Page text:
Chesapeake profit soars on asset sale, other gains
BY BEN LEFEBVRE
OKLAHOMA CITY, Oklahoma -- Chesapeake Energy Corp.'s second-quarter earnings rose 91% as the natural gas producer benefited from asset sales that brought more than half a billion to its bottom line and as it announced it is getting close to divesting its Permian Basin assets in West Texas.
Chesapeake reported a profit of $972 million, or $1.29 a share, up from $510 million a year earlier, a figure that included $584 million in an after-tax gain from the recent sale of its interest in Chesapeake Midstream Partners LP and $490 million in mark-to-market gains related to its hedging programs. The company, the second-largest producer of natural gas in the U.S. after Exxon Mobil Corp. (XOM), has been selling properties in oil and gas fields to offset debt and pay for its move to focus on more-profitable oil.
Excluding the asset-sale gains and other items, adjusted earnings were $3 million, or 6 cents a share. Revenue increased 2.1% to $3.39 billion.
Analysts polled by Thomson Reuters most recently projected earnings of 7 cents a share on revenue of $2.44 billion.
The Oklahoma City company's debt increased 10% in the second quarter to $14.3 billion. The company also raised its full-year budget for land acquisition and drilling to a combined $10 billion, up 10% from its previous estimate in May. Chesapeake said it is still committed to reducing its debt to $9.5 billion by year's end.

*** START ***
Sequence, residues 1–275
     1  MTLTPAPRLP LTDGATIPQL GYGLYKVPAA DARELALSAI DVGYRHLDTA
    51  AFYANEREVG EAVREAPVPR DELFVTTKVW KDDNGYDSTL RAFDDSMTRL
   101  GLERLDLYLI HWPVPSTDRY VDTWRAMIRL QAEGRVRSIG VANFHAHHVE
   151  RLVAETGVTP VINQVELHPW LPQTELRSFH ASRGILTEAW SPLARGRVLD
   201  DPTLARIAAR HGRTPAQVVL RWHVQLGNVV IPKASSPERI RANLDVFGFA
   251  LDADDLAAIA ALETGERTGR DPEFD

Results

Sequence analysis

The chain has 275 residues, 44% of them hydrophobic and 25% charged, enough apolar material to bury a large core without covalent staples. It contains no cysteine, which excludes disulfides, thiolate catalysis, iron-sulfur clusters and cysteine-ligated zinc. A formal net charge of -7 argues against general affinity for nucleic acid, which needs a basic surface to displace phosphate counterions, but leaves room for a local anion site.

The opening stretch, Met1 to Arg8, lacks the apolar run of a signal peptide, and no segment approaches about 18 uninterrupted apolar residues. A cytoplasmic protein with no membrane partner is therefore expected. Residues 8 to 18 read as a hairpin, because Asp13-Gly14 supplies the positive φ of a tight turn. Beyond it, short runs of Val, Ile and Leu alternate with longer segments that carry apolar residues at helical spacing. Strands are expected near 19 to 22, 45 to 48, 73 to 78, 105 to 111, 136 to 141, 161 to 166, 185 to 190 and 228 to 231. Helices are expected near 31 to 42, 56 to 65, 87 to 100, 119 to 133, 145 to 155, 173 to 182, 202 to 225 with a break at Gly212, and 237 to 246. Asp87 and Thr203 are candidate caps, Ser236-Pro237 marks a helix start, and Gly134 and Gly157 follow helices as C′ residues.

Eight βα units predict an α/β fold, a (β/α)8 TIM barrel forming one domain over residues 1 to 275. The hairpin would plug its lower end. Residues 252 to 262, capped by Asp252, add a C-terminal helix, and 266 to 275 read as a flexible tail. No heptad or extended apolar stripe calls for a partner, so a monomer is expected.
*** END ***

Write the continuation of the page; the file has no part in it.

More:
Chesapeake, like many of its rivals, has been hurt by stubbornly low prices for natural gas amid a production glut. Natural-gas production was up 18% despite production curtailments. Oil production surged 88%. Overall production of oil, gas and natural-gas-liquids production rose 25% to 3.81 billion cubic feet equivalent a day, including natural-gas-liquids-production growth of 65%.
The company, which has been criticized by investors and analysts of gobbling more land than it can profitably drill, increased its outlook for spending in oil and gas acreage. "The thing is the acreage is up--it hasn't slowed down," said Morningstar Inc. analyst Mark Hanson.
The average realized price fell 64% for natural gas in the second quarter and 32% for natural-gas liquids, including realized hedging impacts. Average oil prices on that basis were up 4.1%.
Chesapeake on Monday raised its expected proceeds from asset sales to between $13 billion and $14 billion during 2012, up from a minimum of $11.5 billion.
The company, which announced $7 billion in asset sales during the current quarter, said it is in the process of closing a deal with an affiliate of EnerVest Ltd., a Houston energy investment firm that has worked with Chesapeake in the Utica shale formation in the U.S. Northeast. Chesapeake said it also has received bids for two other Permian Basin parcels.
Chesapeake recently revamped its board in an effort to moderate the influence of Chief Executive Aubrey McClendon, who previously also had been chairman, amid governance controversies and pressure from investors. Mr. McClendon said the company's increased plans for asset sales this year "will enable us to accomplish our planned 25% long-term debt reduction."
The company expects 2013 natural-gas production capacity will be down 12% from 2012, leading to a production drop of about 7%.
Shares were up 3.6% at $18.35 in recent after-hours trading Monday as the company also raised its target for asset sales for the year. Through the close, the stock was down roughly 21% this year.
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